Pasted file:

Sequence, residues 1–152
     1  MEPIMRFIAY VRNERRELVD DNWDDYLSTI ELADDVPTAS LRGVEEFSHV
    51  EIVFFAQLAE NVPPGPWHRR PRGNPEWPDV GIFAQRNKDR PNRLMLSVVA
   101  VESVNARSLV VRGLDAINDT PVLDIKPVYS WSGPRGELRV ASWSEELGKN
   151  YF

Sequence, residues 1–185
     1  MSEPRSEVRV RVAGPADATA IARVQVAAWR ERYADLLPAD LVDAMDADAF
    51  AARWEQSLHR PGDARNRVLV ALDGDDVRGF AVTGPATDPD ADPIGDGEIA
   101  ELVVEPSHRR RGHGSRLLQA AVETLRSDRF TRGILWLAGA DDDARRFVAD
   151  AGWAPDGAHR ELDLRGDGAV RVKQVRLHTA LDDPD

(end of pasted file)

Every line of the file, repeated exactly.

Sequence, residues 1–152
     1  MEPIMRFIAY VRNERRELVD DNWDDYLSTI ELADDVPTAS LRGVEEFSHV
    51  EIVFFAQLAE NVPPGPWHRR PRGNPEWPDV GIFAQRNKDR PNRLMLSVVA
   101  VESVNARSLV VRGLDAINDT PVLDIKPVYS WSGPRGELRV ASWSEELGKN
   151  YF

Sequence, residues 1–185
     1  MSEPRSEVRV RVAGPADATA IARVQVAAWR ERYADLLPAD LVDAMDADAF
    51  AARWEQSLHR PGDARNRVLV ALDGDDVRGF AVTGPATDPD ADPIGDGEIA
   101  ELVVEPSHRR RGHGSRLLQA AVETLRSDRF TRGILWLAGA DDDARRFVAD
   151  AGWAPDGAHR ELDLRGDGAV RVKQVRLHTA LDDPD